Minnesota Attorney General’s Office Brings Complaint Against Mud Run Series

That’s among a allegations in a censure brought by a Minnesota Attorney General’s Office opposite a inhabitant mud-run array for women called LoziLu, that has abruptly canceled all of a races, close down a website, and mostly disappeared, withdrawal many women wondering where their income went.

It didn’t go to charity, according to a profession general’s complaint. The censure alleges that a company’s new owner, who went by an alias, is a convicted charlatan who has been sued in state and sovereign justice some-more than 40 times and has some-more than 30 delinquent judgments opposite him totaling some-more than $2.5 million.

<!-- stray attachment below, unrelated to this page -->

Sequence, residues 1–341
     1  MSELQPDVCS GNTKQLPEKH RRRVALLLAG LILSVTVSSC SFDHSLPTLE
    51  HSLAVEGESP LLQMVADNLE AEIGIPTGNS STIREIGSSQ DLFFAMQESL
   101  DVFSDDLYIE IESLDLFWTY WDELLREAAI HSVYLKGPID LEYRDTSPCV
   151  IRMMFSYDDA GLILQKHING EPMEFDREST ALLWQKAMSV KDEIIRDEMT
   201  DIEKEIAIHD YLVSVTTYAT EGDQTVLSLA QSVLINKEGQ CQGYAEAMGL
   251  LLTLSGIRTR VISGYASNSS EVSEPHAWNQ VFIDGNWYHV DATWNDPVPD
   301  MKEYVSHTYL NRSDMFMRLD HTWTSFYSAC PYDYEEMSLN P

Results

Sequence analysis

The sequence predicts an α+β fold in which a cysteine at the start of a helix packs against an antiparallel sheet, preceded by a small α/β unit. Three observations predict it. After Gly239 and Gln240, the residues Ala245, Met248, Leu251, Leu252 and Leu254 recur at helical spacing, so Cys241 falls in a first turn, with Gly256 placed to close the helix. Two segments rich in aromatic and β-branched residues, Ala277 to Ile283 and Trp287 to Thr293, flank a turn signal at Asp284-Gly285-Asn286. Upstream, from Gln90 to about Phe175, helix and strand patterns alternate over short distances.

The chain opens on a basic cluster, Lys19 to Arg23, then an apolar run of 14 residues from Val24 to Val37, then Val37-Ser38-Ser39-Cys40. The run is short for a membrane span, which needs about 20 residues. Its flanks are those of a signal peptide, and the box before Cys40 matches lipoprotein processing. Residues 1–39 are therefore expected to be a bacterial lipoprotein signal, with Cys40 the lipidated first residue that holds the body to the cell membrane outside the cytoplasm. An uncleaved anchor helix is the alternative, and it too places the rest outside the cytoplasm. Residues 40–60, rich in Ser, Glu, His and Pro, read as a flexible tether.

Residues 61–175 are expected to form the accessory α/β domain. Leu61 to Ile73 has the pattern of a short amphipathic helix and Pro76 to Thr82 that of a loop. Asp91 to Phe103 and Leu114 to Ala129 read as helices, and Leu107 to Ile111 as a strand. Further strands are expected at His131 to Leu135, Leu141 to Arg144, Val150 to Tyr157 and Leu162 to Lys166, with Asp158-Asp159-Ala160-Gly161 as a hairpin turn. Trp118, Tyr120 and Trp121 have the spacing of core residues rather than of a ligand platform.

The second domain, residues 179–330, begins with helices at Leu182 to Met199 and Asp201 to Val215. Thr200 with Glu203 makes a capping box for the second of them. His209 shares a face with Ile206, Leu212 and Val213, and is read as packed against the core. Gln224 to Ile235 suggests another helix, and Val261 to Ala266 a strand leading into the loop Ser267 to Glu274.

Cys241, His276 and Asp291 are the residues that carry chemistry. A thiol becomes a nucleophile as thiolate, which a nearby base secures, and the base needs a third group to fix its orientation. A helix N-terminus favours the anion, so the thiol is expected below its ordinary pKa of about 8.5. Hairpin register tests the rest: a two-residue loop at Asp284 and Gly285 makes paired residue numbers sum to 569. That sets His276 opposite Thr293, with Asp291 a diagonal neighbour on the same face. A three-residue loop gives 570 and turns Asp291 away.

And it says a owners gave no income to a cancer gift whose name and trademark LoziLu used in a promotional materials, a gift that supports cancer investigate and patients in a name of a 28-year-old who died of leukemia.

“We attempted to give [LoziLu’s owner] a advantage of a doubt,” pronounced Mary McLean, who with her family set adult a charity, called Leukemia Ironman Fundraiser for Eric (L.I.F.E.), in memory of her late son. “We only could not trust that anyone would take income from people who are pang with something as terrible as cancer and put it in their possess pocket. When we satisfied that that’s accurately what was happening, it was like a strike to a gut.”